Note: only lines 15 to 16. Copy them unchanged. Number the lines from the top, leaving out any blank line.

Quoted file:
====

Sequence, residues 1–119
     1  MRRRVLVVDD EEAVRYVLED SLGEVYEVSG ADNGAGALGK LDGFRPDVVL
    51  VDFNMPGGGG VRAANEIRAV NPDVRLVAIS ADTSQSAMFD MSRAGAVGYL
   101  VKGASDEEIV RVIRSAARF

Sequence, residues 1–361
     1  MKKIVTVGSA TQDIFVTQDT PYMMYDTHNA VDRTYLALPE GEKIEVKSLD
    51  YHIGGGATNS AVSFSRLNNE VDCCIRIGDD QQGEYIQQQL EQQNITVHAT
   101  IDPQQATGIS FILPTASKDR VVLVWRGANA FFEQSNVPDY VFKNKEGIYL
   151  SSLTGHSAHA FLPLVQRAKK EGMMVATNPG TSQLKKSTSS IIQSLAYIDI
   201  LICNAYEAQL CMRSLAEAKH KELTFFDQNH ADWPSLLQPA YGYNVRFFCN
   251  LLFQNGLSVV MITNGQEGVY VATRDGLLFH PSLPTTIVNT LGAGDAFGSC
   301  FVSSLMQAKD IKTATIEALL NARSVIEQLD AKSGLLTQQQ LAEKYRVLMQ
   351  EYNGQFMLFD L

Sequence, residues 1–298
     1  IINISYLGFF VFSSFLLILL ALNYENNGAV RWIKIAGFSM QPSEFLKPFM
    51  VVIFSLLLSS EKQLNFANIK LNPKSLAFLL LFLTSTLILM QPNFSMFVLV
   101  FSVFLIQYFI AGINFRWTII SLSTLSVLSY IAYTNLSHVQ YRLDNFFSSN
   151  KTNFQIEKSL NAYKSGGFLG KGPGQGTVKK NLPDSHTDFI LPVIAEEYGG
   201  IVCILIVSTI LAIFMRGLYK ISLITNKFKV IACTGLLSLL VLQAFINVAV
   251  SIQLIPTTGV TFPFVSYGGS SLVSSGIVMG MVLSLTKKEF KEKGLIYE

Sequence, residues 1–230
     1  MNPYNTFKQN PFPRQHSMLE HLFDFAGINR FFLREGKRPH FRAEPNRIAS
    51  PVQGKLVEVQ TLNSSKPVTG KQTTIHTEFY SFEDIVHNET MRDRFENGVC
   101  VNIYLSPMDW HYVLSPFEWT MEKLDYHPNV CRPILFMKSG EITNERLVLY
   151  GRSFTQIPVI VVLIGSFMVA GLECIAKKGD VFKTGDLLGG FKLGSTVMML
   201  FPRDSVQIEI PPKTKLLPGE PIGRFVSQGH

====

     1  IINISYLGFF VFSSFLLILL ALNYENNGAV RWIKIAGFSM QPSEFLKPFM
    51  VVIFSLLLSS EKQLNFANIK LNPKSLAFLL LFLTSTLILM QPNFSMFVLV